The character of an honest man
From The Spiritual Companion, or the Professing Christian Tried at the Bar of God's Word, by Samuel Pike and Samuel Hayward.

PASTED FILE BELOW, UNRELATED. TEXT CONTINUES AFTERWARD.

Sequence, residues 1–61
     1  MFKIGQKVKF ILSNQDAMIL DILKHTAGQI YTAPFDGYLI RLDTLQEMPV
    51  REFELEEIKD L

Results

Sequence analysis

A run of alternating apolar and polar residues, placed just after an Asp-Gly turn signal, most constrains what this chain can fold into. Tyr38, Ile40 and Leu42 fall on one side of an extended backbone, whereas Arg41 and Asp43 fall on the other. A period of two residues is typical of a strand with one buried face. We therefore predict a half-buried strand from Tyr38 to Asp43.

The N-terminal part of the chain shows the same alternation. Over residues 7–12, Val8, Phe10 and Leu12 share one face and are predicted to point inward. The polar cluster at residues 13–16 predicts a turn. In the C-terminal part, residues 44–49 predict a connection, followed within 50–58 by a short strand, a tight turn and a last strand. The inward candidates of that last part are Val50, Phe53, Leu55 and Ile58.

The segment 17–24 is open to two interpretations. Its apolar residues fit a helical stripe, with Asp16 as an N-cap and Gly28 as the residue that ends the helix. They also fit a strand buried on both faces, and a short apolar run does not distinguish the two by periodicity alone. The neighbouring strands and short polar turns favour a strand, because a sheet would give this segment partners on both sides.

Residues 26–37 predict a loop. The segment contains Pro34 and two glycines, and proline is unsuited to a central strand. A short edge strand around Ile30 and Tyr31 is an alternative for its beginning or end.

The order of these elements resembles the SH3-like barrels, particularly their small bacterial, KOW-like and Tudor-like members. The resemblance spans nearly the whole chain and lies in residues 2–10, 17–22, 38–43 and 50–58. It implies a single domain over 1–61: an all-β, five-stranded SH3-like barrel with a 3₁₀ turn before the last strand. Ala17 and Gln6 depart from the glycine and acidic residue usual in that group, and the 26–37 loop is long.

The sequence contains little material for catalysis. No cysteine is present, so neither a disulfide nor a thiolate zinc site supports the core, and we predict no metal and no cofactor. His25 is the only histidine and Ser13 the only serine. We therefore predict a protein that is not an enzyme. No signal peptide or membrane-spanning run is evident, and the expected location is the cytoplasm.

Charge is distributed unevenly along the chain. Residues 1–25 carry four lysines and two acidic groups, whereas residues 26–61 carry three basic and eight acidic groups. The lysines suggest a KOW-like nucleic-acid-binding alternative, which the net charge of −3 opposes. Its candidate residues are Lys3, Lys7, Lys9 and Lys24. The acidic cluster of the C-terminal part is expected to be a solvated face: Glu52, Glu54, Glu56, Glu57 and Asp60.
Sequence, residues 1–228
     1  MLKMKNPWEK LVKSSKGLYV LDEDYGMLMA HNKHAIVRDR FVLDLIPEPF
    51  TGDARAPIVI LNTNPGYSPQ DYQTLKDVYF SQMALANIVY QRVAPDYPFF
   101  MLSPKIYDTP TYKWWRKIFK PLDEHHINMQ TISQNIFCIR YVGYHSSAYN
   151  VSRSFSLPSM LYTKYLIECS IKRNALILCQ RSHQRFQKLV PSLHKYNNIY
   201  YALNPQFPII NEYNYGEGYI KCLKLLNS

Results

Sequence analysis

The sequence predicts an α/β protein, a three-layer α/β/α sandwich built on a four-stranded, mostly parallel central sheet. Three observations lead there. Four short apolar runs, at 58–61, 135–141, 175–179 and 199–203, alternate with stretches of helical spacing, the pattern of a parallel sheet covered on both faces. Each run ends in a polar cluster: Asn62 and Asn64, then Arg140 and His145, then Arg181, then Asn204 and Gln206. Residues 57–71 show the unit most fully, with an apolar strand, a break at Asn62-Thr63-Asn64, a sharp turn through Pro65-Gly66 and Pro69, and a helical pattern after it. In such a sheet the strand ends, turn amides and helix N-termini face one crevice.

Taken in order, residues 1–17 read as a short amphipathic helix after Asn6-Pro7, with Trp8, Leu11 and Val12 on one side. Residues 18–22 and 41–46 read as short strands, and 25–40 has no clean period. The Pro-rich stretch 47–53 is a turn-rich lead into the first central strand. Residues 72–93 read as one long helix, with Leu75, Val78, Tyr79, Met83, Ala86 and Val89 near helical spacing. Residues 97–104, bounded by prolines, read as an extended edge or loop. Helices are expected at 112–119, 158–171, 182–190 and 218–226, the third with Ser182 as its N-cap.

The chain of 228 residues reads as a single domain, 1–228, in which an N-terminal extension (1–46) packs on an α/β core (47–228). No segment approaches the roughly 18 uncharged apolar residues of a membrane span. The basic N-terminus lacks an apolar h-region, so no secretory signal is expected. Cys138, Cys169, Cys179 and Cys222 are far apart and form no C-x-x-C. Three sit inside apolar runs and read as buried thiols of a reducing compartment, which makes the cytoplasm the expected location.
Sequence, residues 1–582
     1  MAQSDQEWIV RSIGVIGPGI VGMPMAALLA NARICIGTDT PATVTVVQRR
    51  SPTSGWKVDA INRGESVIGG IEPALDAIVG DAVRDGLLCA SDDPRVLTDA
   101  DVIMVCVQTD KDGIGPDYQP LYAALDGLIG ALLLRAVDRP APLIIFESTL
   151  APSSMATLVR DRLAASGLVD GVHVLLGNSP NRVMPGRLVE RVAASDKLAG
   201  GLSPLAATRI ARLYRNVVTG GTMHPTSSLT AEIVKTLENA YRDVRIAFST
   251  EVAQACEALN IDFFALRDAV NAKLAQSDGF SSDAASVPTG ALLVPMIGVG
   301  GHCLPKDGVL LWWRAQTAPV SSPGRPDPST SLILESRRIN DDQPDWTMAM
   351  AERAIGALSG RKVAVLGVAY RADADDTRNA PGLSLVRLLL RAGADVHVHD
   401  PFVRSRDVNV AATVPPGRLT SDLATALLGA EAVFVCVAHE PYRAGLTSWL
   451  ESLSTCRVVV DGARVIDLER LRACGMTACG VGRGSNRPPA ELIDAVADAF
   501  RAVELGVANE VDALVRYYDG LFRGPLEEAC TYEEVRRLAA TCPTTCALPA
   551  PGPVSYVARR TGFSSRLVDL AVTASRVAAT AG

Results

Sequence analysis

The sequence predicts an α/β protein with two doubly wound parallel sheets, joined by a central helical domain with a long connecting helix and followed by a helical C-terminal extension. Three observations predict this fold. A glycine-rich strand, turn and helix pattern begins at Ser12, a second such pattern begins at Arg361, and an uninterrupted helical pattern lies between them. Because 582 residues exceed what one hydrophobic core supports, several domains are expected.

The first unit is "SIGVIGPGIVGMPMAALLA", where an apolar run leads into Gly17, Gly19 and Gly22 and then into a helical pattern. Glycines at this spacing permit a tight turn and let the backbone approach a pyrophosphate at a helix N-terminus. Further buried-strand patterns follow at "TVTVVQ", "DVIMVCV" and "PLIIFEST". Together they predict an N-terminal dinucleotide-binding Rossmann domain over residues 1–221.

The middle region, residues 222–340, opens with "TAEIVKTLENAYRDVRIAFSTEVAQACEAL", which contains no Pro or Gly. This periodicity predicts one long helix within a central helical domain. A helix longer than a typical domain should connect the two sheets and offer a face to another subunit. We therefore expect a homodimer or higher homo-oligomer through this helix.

He looks not to what he might do, but what he should. Justice is his first guide; the second law of his actions is expedience. He had rather complain than offend; and hates sin more for the indignity of it, than the danger; his simple uprightness works in him that confidence which oft times wrongs him, and gives advantage to the subtle, when he rather pities their faithlessness, than repents of his credulity. He hath but one heart, and that lies open to sight; and were it not for discretion, he never thinks ought whereof he would avoid a witness: his word is his parchment, and his yea his oath, which he will not violate for fear or for loss. The mishaps of following events may cause him to blame his providence, can never cause him to eat his promise; neither saith he, This I saw not, but, This I said. When he is made his friend's executor, he defrayeth debts, payeth legacies, and scorneth to gain by orphans, or to ransack graves: and therefore will be true to a dead friend, because he sees him not. All his dealings are square and above board; he bewrays the fault of what he sells, and restores the overseen gain of a false reckoning. He esteems a bribe venomous, though it comes guilded over with the colour of gratuity. His cheeks are never stained with the blushes of recantation; neither doth his tongue falter to make good a lie, with the secret glosses of double or reserved senses; and when his name is traduced, his innocency bears him out with courage; then, lo, he goes on the plain way of truth, and will either triumph in his integrity, or suffer with it. His conscience overrules his providence so as in all things good or ill, he respects the nature of the actions, not the sequel; if he sees what he must do, let God see what shall follow. He never loadeth himself with burdens above his strength, beyond his will; and once bound, what he can he will do, neither doth he will but what he can do. His ear is the sanctuary of his absent friend's name, of his present friend's secret; neither of them can miscarry in his trust. He remembers the wrongs of his youth, and repays him with that usury which he himself would not take. He would rather want than borrow, and beg than not to pay. His fair conditions are without dissembling, and he loves actions above words. Finally, he hates falsehood worse than death; he is a faithful client of truth: no man's enemy, and it is a question, whether more another man's friend or his own; and if there were no heaven, yet he would be virtuous.